Cumin is most well known for its presence in Indian, Mexican, Asian, North African, Middle Eastern, and Latin American dishes. It is one of the most popular spices, second only to black pepper. If you’ve only even used cumin in a curry, don’t worry; we’re here to demystify this nutty, peppery spice.
Selection & Storage
Cumin generally comes in three colors: Amber/brown (most common), black, and white. White seeds are generally interchangeable with amber, but black is more peppery and complex.
You can buy cumin in either seed or ground form. If you have the tools to grind your own spices (a mortar and pestle, or a coffee grinder specifically reserved for grinding spices), it’s better to buy cumin whole. Cumin seeds will stay fresh for about a year, while ground cumin has a shelf life of about 6 months. Cumin keeps best in a tightly lidded glass jar, stored in a cool, dark, dry place. To test for freshness, just use your sniffer! If it still smells fragrant, you’re good to go!
Historically, a lot of cumin’s popularity was due to the fact that, because it tastes peppery, it could be used as a (much cheaper) substitute for black pepper, which used to be quite expensive. And even though it packs a punch of flavor, cumin was (and is!) known for its medicinal benefits, too. It is an excellent source of iron, aides in good digestion, boosts the immune system, and has anti-carcinogenic properties.
Toasting your spices, especially in seed form, before adding them to your recipe provides a more blended flavor. Especially when spices are being added to a curry, soup, or stew, they can have an unpleasant “raw” flavor unless toasted first.
If you don’t have a mortar and pestle, seeded spices like cumin, coriander, and peppercorns can be cracked using a garlic press.
If you’re thinking to yourself, “which of my dishes could use a dash of cumin?” a good rule of thumb is to follow black pepper; if it goes well with black pepper, chances are it’ll pair perfectly with cumin. Some safe choices, if you want to test the cumin-spiced waters, are beans, chicken, fish, pork, potatoes, rice, and eggs.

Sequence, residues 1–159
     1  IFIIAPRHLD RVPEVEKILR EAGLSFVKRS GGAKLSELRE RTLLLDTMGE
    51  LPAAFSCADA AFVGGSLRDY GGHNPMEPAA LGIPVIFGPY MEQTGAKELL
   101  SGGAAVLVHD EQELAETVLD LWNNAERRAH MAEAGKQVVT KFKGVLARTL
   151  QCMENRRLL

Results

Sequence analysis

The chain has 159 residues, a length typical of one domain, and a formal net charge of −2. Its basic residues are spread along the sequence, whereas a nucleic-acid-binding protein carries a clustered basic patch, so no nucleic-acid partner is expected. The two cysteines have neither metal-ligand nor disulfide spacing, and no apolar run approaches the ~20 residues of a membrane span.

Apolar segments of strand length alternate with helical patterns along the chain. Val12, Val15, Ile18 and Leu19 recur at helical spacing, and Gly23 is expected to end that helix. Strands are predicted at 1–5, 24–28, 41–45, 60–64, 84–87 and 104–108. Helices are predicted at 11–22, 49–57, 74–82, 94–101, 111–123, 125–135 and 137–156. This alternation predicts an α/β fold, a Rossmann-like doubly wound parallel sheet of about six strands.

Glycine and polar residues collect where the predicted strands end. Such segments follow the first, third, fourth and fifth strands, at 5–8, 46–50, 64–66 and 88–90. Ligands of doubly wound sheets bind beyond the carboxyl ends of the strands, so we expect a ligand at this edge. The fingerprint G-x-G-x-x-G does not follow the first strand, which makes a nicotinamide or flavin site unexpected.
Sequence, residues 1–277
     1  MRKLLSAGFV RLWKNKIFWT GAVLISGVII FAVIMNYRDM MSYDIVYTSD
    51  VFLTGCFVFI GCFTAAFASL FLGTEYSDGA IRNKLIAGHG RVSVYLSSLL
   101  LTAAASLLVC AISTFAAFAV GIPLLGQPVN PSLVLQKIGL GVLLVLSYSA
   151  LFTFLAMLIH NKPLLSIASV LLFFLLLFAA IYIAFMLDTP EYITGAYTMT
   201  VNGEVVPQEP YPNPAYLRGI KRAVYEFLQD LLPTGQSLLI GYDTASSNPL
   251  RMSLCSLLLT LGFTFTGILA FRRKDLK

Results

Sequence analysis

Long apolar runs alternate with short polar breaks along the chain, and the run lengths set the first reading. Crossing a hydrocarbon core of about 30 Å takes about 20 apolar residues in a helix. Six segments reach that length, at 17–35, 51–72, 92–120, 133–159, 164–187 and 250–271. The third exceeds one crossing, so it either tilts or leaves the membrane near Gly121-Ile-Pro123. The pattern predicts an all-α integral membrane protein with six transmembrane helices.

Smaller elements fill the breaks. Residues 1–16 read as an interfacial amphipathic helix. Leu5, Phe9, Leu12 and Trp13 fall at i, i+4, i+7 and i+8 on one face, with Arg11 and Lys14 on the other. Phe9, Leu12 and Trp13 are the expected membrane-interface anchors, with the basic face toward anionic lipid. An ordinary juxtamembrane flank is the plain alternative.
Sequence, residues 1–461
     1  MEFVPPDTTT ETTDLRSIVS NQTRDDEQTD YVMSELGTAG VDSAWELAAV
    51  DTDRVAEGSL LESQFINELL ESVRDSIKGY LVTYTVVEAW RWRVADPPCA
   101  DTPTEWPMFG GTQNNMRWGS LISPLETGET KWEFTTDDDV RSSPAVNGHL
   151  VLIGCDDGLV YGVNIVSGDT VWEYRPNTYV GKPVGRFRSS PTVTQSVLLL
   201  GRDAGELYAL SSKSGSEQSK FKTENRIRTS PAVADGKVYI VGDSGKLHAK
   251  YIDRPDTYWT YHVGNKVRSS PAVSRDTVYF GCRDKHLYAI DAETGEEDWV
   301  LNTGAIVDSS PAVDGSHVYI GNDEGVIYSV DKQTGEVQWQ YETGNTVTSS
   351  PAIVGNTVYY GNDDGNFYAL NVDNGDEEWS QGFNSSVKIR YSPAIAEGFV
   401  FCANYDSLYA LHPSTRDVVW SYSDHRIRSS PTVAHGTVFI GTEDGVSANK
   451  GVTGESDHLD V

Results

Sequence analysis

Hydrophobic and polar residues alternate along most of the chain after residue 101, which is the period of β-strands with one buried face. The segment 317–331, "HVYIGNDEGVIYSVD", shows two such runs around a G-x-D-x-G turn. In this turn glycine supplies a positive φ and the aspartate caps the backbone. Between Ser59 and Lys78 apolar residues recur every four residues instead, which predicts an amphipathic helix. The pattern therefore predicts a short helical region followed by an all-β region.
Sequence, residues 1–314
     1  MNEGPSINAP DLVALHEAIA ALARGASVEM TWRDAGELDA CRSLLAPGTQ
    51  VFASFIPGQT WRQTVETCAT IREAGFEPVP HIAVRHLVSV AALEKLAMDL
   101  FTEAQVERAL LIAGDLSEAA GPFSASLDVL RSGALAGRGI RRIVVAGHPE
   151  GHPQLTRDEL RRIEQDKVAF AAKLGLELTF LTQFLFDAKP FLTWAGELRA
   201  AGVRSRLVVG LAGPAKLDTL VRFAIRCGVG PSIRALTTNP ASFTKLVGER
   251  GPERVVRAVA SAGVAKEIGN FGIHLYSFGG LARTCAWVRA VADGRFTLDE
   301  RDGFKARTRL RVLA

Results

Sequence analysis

Turkey and Black Bean Ziti
Warm Mexican Crab Dip
Bobby’s Lighter Spicy Cheese Straws
Sweet and Spicy Coleslaw
Peppery Coleslaw with Orange Chili Vinaigrette
Creamy Chicken Rollups
Mini Cranberry Meatballs
Creamy Scallion Dip
Banana Coconut Soup
Dear, Paula Deen
Well I think you are the most amazing person, you are my role model if they took you off from the set I would of died inside your the best cook and I can't waite to see you again
Alexis Conner in Summer Salad Days on December 04, 2013 at 4:59 pm
Paula, I used to watch your show on Food Network a lot when I still had the TV and cable many year ago. You weren't even that big a star back then. I always love watching you cook on Youtube after I ditched my TV and cable and read your recipes on Food Network Magazines. I hope one day you can return to Food Network and the Food Network Magazine. I stop buying the magazine since you were gone.
Orindary Jane in Love at Last on December 04, 2013 at 2:32 am
Great blog Cindy!!!! I always enjoy reading your post. This Thanksgiving centerpiece is absolutely beautiful and so easy to make.
Ann in A Perfectly Easy Thanksgiving Centerpiece on December 03, 2013 at 8:10 pm
Paula, made your Zucchini Custard Casserole for Thanksgiving and it was Fantastic!!! Thank you so much! Love you & your family. Happy holidays!
Pat Walker in Love at Last on December 02, 2013 at 8:45 pm